Henry Orenstein, who is credited as the man behind Hasbro’s Transformers toys explosion in the early 1980s, has passed away in his home in New Jersey at the age of 98. According to Comicbook, no cause of death has been reported.
Henry Orenstein’s Life
Born in Hrubieszów, Poland on October 13, 1923, Henryk Orenstein was raised in the Jewish faith as tensions in Europe began to boil over as Orenstein got older. He and his family were forced to hide from the Nazis in 1939 until eventually turning themselves in due to a lack of food and water. Shortly thereafter, in 1942 his parents were loaded onto a truck, and taken to a cemetery where they were subsequently shot and killed. Orenstein and his three brothers were transferred from camp to camp until one day he heard, over the intercom, that they needed scientists to fill research positions.
He saw this as a way to survive so Orenstein signed his brother and himself up, even though neither was a scientist. Orenstein himself has hinted to the notion that the Nazi commanders knew that neither of them was scientists, but fortunately, allowed them to stay on as opposed to joining the Nazi German infantry.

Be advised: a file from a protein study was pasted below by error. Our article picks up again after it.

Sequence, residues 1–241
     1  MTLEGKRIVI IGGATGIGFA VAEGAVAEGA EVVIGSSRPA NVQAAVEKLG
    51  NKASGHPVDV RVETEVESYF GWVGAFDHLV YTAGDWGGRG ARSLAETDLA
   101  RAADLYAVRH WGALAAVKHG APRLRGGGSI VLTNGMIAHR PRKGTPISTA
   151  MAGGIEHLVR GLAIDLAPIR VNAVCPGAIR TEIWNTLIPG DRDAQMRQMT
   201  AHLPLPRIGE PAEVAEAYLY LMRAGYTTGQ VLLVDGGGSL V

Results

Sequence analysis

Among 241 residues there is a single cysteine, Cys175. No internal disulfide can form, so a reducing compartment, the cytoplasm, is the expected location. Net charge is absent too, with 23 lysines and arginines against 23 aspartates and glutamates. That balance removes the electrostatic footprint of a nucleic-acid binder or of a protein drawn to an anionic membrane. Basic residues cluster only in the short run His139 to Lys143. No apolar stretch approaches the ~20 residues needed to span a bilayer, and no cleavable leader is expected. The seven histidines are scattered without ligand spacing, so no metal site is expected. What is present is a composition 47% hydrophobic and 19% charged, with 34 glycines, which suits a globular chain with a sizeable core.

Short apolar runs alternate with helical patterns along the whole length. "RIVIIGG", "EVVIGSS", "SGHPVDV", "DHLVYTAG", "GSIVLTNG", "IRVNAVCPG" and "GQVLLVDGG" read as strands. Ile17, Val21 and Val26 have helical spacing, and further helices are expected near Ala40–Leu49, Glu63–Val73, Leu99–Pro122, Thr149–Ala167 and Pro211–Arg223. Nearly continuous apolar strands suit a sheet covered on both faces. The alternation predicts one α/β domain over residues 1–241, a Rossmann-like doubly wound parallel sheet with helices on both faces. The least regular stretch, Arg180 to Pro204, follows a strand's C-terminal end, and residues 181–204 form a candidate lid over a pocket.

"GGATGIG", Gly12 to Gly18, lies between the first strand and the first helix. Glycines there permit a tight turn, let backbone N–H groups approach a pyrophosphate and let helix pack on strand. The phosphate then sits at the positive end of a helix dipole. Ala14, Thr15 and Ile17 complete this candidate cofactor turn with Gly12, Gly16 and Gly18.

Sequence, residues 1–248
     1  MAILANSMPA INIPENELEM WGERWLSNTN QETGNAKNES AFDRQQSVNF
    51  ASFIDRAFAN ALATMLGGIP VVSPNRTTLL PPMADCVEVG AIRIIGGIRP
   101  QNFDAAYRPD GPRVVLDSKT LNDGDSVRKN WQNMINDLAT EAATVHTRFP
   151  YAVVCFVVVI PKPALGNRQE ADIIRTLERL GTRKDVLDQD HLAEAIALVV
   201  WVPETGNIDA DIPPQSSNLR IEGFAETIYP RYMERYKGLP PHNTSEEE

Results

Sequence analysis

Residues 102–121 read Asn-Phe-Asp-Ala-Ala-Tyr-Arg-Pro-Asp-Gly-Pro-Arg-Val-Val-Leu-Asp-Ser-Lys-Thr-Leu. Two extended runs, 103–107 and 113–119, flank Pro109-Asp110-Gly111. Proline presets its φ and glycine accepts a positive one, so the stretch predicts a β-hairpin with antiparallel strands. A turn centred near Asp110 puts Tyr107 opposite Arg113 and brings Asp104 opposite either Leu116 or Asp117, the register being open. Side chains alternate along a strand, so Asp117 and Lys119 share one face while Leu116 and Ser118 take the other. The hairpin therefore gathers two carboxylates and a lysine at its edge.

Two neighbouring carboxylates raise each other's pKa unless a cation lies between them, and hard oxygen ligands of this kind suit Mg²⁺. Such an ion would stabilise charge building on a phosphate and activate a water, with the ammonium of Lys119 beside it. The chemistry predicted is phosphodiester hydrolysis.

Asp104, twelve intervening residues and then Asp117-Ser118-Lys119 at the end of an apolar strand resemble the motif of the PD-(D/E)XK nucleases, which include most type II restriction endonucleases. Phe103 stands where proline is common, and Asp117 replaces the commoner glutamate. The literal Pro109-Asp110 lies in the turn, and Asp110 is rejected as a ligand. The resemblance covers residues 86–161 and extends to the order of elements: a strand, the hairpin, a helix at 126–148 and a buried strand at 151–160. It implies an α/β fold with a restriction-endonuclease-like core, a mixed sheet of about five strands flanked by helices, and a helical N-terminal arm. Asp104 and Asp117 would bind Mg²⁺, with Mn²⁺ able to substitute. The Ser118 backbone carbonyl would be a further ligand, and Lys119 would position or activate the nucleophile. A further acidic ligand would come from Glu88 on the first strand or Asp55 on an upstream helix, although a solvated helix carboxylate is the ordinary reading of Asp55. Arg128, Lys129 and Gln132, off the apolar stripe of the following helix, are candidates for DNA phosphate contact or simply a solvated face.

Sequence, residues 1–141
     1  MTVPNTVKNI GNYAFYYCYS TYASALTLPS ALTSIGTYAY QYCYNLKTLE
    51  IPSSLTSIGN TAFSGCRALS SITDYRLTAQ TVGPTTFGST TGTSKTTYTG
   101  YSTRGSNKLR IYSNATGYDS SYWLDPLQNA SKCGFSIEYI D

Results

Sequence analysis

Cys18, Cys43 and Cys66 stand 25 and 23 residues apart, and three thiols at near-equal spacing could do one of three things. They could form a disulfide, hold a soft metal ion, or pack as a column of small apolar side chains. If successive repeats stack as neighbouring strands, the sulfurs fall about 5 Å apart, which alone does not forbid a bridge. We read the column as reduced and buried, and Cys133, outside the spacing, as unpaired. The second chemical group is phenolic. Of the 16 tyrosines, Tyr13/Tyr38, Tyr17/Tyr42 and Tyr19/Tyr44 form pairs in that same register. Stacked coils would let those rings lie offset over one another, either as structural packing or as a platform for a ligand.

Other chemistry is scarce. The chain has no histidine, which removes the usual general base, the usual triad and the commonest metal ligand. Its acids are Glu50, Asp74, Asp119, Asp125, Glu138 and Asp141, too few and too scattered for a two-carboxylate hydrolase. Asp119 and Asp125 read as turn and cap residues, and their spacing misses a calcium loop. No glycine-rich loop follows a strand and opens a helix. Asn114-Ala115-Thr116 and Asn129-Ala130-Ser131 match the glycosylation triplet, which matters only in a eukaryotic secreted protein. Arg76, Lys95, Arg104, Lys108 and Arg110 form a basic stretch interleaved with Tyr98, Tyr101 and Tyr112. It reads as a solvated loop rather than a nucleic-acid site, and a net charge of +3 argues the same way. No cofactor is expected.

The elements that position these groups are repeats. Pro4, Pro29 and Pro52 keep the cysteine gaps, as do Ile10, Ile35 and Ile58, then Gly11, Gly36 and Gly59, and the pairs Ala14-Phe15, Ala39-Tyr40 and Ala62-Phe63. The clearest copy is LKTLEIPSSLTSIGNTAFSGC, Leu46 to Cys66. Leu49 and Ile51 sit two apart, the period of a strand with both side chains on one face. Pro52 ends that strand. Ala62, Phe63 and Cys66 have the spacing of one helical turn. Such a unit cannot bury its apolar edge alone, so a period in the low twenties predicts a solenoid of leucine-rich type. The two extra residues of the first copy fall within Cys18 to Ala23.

Out of the four boys that were made orphans, only three survived; Henry, Fred, and Sam. His other brother Felix and his only sister Hanka died in the ladder days of their confinement. After the war was finally over all three boys boarded a United States destroyer ship and came to the U.S. to live with their uncle who lived in New York.
Orenstein initially worked in a canned food factory before he started to make dolls like the ones he saw in the windows while walking with his uncle. This led to him making his first million and starting Topper Toys. Then he started working at Hasbro where he gave them the idea of taking odd-looking Diaclone and Micro Change toys and rebranding them into the Transformers toys we all know today.
On top of that, he held over 100 patents and was inducted into the New Jersey Inventors Hall of Fame. Poker was also something he excelled in not only as a player but as a game-changer. Whenever you watch a poker tournament and are able to see any player’s hole cards due to a piece of glass, that was brought into play by Orenstein. The Poker Hall of Fame thought so highly of his play and innovations that they also inducted him into their Hall of Fame.